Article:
Hundreds of thousands of tourists were stranded around the world when Thomas Cook, one of the oldest travel agencies in the world, announced that it would be shutting down its services immediately as the company collapsed this month. The company took a major risk in maintaining operation despite recent financial troubles that showed warning signs of an imminent collapse. As the British government prepares for the looming arrival of Brexit next month, it now has to deal with repatriating hundreds of thousands of travelers that are strewn across the globe without a way to get home in one of the biggest peaceful repatriation efforts of all time. The collapse is expected to take a toll on world tourism, especially in smaller countries where the presence of tourism—often fueled by Thomas Cook—is a major driving force in the local economy.
Tens of thousands of tourists were sent to places like the Greek islands or parts of Malaysia by the company each year. A loss in that revenue stream could create hiccups in global tourism economies that supply jobs in remote parts of the world. Without the structure of a business like Thomas Cook, many Europeans are going to have to find their way to these locations themselves, meaning that local tourism boards will have to invest in marketing efforts to get people there. The British Government is currently looking into the collapse of the 178-year old travel company, which was seeking emergency financing before announcing its collapse just this month.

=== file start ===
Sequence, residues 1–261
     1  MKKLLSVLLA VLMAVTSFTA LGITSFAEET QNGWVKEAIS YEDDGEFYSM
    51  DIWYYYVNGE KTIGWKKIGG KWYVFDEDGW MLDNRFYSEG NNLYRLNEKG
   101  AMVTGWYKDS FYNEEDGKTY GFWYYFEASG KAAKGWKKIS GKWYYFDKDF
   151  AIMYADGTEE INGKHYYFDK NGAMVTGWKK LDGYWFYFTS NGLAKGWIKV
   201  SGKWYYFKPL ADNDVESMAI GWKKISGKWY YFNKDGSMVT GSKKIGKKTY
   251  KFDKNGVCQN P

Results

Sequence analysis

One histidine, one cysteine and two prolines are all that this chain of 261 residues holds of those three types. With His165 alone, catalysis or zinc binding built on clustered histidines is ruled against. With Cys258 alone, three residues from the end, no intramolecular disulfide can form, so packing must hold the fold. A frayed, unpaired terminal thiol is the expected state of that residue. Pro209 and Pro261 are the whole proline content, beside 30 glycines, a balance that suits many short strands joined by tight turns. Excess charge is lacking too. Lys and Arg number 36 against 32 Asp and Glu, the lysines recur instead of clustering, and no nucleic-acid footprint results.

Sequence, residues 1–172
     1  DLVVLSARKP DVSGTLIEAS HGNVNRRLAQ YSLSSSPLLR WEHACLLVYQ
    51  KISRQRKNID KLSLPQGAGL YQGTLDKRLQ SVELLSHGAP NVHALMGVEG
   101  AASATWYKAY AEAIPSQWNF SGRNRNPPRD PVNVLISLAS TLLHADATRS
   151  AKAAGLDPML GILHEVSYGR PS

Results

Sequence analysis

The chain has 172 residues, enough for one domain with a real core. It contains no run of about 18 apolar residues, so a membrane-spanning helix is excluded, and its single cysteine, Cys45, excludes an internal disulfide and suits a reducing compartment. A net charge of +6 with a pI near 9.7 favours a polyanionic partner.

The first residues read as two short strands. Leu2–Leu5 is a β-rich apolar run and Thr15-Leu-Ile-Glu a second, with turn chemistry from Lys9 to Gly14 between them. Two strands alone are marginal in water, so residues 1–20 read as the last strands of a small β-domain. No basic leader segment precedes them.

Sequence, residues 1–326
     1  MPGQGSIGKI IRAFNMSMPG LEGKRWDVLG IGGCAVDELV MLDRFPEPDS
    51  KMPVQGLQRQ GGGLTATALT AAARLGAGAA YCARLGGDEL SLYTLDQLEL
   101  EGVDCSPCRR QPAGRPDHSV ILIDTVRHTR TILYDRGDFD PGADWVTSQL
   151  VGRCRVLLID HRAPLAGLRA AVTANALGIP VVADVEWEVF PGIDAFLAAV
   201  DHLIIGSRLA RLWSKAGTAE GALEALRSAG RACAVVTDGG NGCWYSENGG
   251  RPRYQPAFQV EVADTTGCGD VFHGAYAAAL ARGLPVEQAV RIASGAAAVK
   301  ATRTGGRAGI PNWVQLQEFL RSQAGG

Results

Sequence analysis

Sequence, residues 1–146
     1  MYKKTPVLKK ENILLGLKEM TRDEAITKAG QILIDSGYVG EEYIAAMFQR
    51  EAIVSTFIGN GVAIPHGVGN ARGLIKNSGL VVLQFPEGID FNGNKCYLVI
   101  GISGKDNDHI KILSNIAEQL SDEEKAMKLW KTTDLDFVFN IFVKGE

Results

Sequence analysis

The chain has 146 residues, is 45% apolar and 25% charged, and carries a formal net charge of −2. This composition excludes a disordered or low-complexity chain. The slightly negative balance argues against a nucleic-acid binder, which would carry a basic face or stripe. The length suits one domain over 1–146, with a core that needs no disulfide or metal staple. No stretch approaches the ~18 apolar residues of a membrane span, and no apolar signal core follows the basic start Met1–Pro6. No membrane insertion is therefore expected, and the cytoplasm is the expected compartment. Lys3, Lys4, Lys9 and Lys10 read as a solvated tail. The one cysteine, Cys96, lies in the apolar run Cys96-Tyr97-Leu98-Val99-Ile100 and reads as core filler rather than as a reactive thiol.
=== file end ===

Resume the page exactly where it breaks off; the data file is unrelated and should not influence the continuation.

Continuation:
Global Changes In The Travel Industry Spark Financial Troubles For Some
The travel industry has seen immeasurable change in recent years as technology slows the need for travel agencies and other services dedicated to helping consumers do things like schedule flights and organize trips. In other realms of the industry, the grounding of the Boeing 737 Max 8 planes has impacted travel prices around the world—particularly among budget airlines, where the loss of Max 8 fleets have impacted aircraft availability. Southwest Airlines, in particular, has suffered the greatest loss as it was forced to ground as many as 31 of its aircraft, with a loss in 249 unfilled delivery orders on future aircraft that would have entered its fleet.
Beyond the grounding of the Max 8, other budget airlines have suffered in recent years for offering commercial airline fares far below the market rate. Airlines like Iceland’s WOW Air shut down its services abruptly toward the end of 2018, stranding thousands of travelers around the world after offering airfare for as little as $99 to get from Los Angeles to Reykjavik. No frills carriers take a risk in offering low rates, but hope to profit by charging for things like choosing a seat, bringing a carry-on bag, and even a glass of water. In WOW Air’s case, it wasn’t enough to turn a profit in time to avoid a sudden shut down.
Despite the risks, however, more airlines are offering budget fares to draw in travelers that are willing to compromise on basic luxuries. Delta, for example, introduced its affordable Basic Economy fare back in 2012 and saw a $20 million boost in its annual revenue because of it. In 2018, the company expanded the program to include many international flights for customers willing to forego things like complimentary checked baggage and seat choice in order to get where they need to go for cheaper.